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Technology on Security’s Terms

Holiday technology wishes for manufacturers, integrators and end users.

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Just like that, another year comes full circle, marked as it is each December by SSI’s annual Technology Issue. Of course, we cover this topic month in and month out as it is core to the business of security. However, I believe it is important to review some of the latest and greatest technologies introduced during a given 12-month stanza (2013’s Top 30 Technology Innovations) as well as examine those shaping the industry’s future (VMS/PSIM; hosted video; integration).

As a fervent technology enthusiast, when I entered the security industry more than 15 years ago I wondered why many cutting-edge technologies, scientific breakthroughs, and computing and electronics advancements embraced by hobbyists and consumers were not prominent in the security community. It was the age of videogame consoles like PlayStation and movies like “The Matrix,” for heaven’s sake — you mean to tell me things like crystal-clear video surveillance and biometrics were not ubiquitous?!

I came to realize there were good reasons for this. Security through the eyes of Hollywood and the media was closer to fantasy than reality, and the discipline of security with its mission to protect people and property required a methodical and circumspect approach to new technologies and products. I learned the world of security was not a place to adopt or deploy technology merely for technology’s sake. Technology had to be thoroughly vetted and proven before seriously considered. Once I understood, it made perfect sense.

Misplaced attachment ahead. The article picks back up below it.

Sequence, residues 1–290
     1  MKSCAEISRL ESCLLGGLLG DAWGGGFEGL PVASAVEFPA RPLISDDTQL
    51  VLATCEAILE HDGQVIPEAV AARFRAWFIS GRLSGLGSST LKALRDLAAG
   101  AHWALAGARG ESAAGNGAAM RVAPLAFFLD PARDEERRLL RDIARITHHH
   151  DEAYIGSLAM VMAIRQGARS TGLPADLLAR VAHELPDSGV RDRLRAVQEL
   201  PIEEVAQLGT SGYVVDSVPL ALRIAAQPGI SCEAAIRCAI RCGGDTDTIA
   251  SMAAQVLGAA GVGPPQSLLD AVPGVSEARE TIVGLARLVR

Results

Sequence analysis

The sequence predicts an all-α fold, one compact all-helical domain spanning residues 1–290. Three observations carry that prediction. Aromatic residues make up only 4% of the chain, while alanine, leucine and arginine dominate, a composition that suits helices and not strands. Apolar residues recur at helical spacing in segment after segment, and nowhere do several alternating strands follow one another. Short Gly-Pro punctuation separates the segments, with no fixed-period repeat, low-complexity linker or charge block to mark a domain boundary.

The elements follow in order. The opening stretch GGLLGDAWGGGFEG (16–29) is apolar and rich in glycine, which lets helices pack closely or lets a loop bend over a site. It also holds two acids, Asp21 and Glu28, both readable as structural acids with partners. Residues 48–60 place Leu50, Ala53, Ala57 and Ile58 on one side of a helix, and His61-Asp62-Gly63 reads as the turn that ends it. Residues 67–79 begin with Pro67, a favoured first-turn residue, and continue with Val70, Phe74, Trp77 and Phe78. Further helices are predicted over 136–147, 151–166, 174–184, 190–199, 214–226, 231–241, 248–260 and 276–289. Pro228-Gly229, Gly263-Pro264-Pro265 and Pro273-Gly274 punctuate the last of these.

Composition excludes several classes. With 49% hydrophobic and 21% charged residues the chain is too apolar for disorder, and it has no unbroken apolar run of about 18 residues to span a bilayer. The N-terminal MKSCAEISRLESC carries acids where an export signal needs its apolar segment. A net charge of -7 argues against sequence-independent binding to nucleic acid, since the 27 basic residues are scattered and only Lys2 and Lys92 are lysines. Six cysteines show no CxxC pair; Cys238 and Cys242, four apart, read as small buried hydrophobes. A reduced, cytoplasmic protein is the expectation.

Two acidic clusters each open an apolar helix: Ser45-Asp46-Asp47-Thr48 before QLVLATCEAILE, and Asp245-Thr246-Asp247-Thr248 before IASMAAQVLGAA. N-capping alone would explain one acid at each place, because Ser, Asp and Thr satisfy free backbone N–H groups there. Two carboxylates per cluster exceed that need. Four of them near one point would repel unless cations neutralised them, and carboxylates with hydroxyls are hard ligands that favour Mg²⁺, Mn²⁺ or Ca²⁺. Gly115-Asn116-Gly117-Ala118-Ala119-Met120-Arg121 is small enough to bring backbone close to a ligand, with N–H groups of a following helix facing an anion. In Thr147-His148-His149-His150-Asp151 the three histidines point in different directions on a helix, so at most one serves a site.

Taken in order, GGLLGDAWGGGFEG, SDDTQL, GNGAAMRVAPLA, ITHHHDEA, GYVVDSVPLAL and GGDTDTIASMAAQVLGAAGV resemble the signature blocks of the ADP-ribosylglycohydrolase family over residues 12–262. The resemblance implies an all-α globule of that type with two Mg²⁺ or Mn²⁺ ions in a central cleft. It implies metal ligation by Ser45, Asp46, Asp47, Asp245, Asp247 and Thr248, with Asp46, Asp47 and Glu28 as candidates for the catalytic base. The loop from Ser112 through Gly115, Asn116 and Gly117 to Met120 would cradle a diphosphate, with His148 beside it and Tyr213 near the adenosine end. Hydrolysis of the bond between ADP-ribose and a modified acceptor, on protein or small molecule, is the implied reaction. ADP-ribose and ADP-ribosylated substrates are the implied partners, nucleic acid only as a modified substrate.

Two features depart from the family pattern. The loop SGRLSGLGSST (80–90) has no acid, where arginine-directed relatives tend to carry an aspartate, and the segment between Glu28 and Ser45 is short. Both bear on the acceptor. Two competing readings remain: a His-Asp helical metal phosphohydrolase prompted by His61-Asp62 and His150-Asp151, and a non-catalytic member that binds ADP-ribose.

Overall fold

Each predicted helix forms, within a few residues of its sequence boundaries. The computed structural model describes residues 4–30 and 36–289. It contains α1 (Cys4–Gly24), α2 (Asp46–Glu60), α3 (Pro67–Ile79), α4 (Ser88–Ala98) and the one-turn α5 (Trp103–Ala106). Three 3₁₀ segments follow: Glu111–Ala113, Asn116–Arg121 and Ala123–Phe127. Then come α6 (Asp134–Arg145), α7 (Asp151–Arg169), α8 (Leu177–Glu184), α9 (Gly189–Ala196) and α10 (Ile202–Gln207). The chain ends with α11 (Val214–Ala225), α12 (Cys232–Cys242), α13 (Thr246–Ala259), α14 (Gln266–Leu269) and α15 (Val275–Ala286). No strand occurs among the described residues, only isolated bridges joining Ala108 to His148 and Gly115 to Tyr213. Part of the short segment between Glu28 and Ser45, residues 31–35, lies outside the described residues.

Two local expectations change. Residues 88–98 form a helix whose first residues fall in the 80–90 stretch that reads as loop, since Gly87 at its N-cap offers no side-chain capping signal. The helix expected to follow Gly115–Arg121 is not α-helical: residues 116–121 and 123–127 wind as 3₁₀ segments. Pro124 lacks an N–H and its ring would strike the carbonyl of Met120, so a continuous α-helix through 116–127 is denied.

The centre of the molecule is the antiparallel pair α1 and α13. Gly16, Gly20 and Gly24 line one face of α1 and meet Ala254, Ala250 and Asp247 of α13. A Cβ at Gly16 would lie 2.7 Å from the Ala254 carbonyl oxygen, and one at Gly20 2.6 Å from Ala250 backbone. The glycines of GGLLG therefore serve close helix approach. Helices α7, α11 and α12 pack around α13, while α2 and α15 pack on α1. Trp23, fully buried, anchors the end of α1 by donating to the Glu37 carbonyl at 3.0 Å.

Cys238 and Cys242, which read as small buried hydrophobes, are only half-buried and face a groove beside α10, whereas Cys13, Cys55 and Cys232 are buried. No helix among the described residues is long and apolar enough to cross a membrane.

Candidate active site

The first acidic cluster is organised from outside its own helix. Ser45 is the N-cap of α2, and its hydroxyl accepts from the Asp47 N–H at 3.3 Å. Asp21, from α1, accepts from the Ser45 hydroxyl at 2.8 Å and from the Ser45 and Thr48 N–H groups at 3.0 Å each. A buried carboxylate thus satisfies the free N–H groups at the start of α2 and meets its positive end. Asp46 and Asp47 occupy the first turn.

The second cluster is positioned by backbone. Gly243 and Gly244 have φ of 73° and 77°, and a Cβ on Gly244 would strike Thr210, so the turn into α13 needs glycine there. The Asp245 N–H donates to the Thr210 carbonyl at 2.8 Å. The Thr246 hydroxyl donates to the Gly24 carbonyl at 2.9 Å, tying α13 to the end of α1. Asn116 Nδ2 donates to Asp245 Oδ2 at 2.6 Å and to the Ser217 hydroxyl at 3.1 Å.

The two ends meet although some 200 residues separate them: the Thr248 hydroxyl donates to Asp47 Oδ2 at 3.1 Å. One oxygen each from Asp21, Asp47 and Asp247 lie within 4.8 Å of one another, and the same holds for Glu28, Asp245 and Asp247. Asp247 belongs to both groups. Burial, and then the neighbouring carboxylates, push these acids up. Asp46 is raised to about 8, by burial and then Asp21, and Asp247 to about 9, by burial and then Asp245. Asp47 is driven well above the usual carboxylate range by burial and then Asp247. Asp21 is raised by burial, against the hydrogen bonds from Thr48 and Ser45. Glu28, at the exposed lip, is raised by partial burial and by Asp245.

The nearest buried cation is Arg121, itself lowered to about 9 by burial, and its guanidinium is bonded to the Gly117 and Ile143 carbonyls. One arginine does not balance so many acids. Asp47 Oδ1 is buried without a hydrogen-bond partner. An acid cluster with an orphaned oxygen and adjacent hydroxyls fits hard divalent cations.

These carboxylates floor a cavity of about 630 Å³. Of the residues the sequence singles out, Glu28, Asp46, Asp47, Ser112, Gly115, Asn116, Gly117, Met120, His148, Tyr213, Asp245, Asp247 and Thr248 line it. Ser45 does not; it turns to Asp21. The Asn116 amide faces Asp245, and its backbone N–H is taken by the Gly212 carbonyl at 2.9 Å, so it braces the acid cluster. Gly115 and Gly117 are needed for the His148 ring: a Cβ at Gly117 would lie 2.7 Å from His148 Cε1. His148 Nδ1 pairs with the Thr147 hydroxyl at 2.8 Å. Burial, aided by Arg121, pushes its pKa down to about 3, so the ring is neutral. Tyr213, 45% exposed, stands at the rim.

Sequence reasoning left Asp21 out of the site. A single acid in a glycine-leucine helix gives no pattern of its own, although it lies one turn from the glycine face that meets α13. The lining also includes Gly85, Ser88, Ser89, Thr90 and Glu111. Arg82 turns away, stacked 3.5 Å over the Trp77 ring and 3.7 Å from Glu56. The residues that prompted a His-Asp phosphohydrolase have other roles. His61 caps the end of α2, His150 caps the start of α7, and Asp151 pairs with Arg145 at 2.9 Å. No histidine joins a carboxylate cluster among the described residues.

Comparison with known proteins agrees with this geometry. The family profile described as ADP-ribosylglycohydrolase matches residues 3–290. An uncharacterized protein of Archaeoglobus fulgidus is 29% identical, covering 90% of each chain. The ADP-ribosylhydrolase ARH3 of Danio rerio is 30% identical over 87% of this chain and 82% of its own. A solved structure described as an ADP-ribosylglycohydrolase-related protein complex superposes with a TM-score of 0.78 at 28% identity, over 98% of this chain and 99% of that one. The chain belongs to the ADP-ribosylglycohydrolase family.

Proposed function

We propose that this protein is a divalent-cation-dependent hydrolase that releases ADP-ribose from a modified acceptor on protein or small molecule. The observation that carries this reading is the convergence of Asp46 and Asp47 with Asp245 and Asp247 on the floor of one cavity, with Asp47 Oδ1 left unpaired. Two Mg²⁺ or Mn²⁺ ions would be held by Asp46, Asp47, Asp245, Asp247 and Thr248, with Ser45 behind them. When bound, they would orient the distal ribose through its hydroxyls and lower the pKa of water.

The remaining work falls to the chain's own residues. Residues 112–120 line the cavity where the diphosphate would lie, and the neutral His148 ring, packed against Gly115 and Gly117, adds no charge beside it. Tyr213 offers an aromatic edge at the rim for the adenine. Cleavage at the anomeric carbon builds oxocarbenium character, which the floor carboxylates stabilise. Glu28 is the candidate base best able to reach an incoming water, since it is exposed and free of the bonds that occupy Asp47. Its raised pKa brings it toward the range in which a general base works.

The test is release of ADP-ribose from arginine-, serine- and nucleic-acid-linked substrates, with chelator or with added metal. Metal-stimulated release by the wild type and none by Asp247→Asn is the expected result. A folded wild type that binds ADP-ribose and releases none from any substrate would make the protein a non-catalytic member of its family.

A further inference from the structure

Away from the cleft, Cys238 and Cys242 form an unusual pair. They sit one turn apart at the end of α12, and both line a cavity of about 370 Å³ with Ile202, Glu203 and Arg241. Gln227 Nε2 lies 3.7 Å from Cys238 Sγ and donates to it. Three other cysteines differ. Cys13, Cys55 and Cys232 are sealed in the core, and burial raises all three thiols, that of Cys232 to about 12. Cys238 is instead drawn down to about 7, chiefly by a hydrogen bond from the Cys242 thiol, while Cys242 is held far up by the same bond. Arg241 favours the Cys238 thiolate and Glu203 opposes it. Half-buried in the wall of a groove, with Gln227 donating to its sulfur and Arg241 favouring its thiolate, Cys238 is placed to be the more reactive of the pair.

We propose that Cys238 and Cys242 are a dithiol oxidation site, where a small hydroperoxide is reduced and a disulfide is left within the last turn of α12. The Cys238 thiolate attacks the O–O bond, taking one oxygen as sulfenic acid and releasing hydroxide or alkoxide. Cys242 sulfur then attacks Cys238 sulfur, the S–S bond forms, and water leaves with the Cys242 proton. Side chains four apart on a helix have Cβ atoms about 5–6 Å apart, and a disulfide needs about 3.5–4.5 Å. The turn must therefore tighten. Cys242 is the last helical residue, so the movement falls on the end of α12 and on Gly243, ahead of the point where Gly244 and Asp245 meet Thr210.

While those principles still hold true, the landscape has dramatically shifted in several ways since the late 1990s. The events of 9/11 irrevocably elevated everyone’s awareness level, their realization for the need to improve and interest of applying new technologies to security. That coincided with the onset of the digital revolution that flowed into huge leaps in computing power, the Internet and broadband, wireless devices and communications, networked infrastructures, sensors and automation, smartphones and apps, and the cloud. These factors accelerated the pace of technology migrating into security for the purposes of both superior functionality and satisfying a new breed of more tech-savvy end users.

These developments have also made it more challenging than ever for security practitioners to judiciously evaluate leading- vs. bleeding-edge technology. When in doubt, most responsible for others’ or their own organization’s security are going to error on the side of caution — which is how it should be and something that must not be compromised.

In the spirit of the season, this issue’s theme and the quest for universal understanding, let’s look closer to contrast the collective mindsets of manufacturer, dealer and user, and contemplate each faction’s security technology holiday wish.

MANUFACTURERS — Larger suppliers are under pressure to justify their R&D expenditures and satisfy investors/stockholders; smaller ones seek to push innovation (in some cases disruption) into the marketplace and establish their brand; both are after profits and growth, and see dealers/integrators as both facilitators and hindrances to market penetration. Holiday security technology wish: For dealers/integrators to more quickly train on and sell new products.